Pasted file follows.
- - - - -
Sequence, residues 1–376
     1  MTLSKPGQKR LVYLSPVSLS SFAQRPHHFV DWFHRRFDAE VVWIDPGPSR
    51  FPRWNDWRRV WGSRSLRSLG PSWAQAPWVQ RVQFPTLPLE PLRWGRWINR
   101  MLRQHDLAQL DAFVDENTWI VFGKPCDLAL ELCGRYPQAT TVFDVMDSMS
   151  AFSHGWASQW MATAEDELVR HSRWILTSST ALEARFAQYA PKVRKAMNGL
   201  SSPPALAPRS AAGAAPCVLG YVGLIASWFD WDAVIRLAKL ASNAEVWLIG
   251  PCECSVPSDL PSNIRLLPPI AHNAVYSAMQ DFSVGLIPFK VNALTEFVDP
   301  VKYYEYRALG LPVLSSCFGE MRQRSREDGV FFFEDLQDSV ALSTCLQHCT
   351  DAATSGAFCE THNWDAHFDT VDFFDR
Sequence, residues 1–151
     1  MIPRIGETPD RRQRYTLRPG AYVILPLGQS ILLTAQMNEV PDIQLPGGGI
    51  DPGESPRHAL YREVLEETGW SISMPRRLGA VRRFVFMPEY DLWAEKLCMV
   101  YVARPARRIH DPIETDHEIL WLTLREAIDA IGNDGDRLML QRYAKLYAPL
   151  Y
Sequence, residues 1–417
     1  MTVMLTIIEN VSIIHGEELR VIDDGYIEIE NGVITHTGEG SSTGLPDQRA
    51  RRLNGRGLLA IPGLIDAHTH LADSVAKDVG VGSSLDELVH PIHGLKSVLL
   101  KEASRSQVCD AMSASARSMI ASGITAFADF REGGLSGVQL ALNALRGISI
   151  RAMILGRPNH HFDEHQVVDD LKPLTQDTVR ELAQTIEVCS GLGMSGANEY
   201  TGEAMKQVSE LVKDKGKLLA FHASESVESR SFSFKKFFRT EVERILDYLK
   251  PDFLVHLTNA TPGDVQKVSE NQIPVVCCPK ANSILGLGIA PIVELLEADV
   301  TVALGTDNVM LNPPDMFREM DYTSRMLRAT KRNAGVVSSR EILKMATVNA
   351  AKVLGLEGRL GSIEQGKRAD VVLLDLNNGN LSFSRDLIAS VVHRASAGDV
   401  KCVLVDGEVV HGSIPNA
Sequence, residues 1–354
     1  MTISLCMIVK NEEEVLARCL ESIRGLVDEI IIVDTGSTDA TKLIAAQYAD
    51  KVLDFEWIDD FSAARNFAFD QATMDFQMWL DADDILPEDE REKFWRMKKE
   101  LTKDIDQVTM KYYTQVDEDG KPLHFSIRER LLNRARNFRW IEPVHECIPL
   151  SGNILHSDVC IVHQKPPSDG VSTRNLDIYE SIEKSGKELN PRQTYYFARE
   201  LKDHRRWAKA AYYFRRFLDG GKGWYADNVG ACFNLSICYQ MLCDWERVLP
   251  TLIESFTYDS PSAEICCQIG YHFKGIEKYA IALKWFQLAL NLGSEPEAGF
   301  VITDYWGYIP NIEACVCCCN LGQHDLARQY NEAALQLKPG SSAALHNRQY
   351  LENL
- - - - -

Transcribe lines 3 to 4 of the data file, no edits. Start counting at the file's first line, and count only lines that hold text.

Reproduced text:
    51  FPRWNDWRRV WGSRSLRSLG PSWAQAPWVQ RVQFPTLPLE PLRWGRWINR
   101  MLRQHDLAQL DAFVDENTWI VFGKPCDLAL ELCGRYPQAT TVFDVMDSMS